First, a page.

L. D.: Is it correct that in January 1995, when Revenant entered the studio for the last time to record a new EP that was supposed to be a rough draft of the band’s forth-coming second album, that would have been entitled A New Paganism, featuring at least 9 songs?
W. C.: Yes, that’s the way I recall it. If I remember correctly, I think running out of money was a major issue.
L. D.: The band had decided to release 4 of those songs under a title Overman, but unfortunately you disbanded in 1995, before it was even mixed. What kind of reasons did lead to the split of the group?
W. C.: My memory of it was Henry was really studying and doing a lot with his education, and he really didn’t have a lot of time to dedicate to the band, ’cuz he had to continue his studies. Plus, I know, at least I felt that we were doing a lot of work, and we felt like we were getting nowhere, plus the scene was changing. People’s attention was being diverted in other musical directions.
L. D.: From what I know, bass player Tim Scott joined Hateplow, nowadays he is living in Sweden and he is involving in some bands, but what about you, Dave Jengo and Henry Veggian? Did you also join several acts? Did you stay in touch with each other?
W. C.: Yeah, we are still in contact with each other, although with Tim being in Sweden, its harder to stay in touch with him. Although, whenever anyone of the guys pass through the NYC area, my wife (Krissy) and I always put aside time to get together with them. Tim was on tour with his most recent band Methane, and Krissy and I went to his show. I don’t think Henry plays much anymore, and David still plays in a band out in California. His son Dom is quite a good musician as well. I basically retired because of old age (LOL!!!) My arthritis makes it really hard to play for any longer than 10 to 15 minutes.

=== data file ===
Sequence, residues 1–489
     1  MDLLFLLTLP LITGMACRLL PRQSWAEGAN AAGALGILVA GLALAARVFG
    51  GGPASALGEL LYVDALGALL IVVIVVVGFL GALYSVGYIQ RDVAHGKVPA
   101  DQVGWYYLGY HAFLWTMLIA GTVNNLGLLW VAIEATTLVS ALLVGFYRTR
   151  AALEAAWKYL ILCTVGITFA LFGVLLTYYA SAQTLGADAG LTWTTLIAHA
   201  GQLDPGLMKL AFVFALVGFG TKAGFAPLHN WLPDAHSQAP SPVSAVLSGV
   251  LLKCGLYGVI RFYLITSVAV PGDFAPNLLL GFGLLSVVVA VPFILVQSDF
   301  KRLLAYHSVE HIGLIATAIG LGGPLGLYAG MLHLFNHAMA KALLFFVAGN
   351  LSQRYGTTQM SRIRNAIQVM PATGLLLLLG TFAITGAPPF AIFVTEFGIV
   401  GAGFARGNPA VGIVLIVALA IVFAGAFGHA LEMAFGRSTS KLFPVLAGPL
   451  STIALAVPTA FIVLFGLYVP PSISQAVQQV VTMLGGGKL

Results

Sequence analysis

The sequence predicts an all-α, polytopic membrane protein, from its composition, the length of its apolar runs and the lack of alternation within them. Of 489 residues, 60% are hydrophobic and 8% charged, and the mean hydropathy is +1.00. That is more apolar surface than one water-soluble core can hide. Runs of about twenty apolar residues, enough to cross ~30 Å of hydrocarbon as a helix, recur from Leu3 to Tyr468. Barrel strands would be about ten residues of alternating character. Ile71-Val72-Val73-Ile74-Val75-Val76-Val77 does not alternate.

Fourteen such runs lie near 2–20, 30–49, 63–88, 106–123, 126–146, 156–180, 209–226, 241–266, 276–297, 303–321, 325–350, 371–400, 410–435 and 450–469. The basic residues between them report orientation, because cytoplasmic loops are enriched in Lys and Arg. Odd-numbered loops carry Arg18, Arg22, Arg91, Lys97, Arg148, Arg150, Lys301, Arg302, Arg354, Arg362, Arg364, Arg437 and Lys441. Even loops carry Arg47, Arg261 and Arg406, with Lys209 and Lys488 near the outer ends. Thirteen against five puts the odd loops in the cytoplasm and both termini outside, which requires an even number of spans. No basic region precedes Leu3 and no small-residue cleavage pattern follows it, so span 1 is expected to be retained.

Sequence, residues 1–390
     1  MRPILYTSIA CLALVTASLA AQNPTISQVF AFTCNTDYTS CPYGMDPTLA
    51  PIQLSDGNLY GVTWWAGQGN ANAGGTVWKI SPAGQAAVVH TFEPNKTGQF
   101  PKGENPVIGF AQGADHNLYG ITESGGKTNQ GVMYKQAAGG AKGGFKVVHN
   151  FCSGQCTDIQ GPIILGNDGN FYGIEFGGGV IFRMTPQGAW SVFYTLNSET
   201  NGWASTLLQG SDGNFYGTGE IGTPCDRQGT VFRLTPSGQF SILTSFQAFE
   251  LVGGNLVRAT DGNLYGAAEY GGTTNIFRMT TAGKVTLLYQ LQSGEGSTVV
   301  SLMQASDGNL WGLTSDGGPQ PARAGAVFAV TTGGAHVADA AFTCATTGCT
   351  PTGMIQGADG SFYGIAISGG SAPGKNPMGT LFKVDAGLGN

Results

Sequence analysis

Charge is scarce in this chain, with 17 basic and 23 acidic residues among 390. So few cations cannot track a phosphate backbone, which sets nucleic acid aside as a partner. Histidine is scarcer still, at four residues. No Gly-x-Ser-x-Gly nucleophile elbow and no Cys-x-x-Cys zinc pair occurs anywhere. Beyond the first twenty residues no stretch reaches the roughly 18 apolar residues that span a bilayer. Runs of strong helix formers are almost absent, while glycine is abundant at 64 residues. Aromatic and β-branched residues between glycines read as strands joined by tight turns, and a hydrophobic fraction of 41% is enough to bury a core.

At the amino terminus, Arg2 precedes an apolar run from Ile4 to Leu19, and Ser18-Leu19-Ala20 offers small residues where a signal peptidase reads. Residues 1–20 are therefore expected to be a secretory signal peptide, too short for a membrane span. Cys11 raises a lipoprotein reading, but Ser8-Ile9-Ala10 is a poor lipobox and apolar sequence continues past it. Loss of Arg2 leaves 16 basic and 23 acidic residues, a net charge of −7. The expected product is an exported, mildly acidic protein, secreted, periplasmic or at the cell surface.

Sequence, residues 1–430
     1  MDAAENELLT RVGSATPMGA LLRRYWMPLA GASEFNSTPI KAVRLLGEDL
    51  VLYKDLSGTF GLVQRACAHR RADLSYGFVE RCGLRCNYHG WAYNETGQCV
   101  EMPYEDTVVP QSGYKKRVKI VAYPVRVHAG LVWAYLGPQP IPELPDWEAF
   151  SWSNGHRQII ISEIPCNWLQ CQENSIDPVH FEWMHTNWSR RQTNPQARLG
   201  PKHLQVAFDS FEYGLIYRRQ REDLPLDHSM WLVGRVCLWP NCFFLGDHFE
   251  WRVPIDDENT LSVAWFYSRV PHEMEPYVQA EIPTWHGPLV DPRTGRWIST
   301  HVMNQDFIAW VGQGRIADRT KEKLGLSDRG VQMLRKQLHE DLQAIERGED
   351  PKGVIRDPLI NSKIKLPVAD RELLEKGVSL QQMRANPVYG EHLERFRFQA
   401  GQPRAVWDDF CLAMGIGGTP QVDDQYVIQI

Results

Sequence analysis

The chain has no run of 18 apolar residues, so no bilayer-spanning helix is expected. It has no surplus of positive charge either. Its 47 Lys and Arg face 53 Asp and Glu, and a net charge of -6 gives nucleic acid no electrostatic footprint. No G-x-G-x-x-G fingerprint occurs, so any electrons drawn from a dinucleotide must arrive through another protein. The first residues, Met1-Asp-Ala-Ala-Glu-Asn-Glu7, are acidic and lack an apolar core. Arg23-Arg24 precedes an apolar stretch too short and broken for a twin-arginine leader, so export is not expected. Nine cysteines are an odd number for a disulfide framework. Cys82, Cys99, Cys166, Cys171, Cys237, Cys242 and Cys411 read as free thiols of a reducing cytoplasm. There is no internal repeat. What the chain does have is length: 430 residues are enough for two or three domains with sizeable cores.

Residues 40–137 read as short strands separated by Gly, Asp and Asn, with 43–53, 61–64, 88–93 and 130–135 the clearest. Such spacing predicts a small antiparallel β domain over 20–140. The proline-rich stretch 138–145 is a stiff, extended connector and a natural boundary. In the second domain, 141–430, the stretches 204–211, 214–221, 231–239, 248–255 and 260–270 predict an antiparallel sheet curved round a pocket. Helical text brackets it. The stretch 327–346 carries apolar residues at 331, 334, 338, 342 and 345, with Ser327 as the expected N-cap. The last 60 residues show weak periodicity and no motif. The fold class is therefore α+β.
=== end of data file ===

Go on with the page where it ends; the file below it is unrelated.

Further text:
L. D.: 6 years later, in October 2001, the mixing for that EP finally took place at Erik Rutan’s Dimensional Sound Studios in Tampa, Florida and was released in 2002 as a limited edition of 300 copies only. How did that happen? How did Erik Rutan end up becoming the producer of the material?
W. C.: Well, Erik has been a friend of ours going back to his time in Ripping Corpse, and he and Henry have been in touch. We had the tapes sitting around, and I think Henry just asked Erik if he would mix and master it, and thankfully he said yes, because I really like that disk.
L. D.: Did you know him from his Ripping Corpse period? Were you friends with him? What kind of dude is he in the reality? How could you describe him personally?
W. C.: Yeah, we played many shows with Ripping Corpse. All of those guys are the best. They are great musicians and more importantly awesome people. Just a great group of guys!!!!!
L. D.: How do you view, that the EP sounds very different compared to everything you did on your previous releases?
W. C.: The Prophecies… LP sounds very polished, too polished (depending on who you ask) where Overman has a more raw feel to it, which I like. I’m very fond of, and proud of all the recordings we have done, but I think the Overman work was some of our best.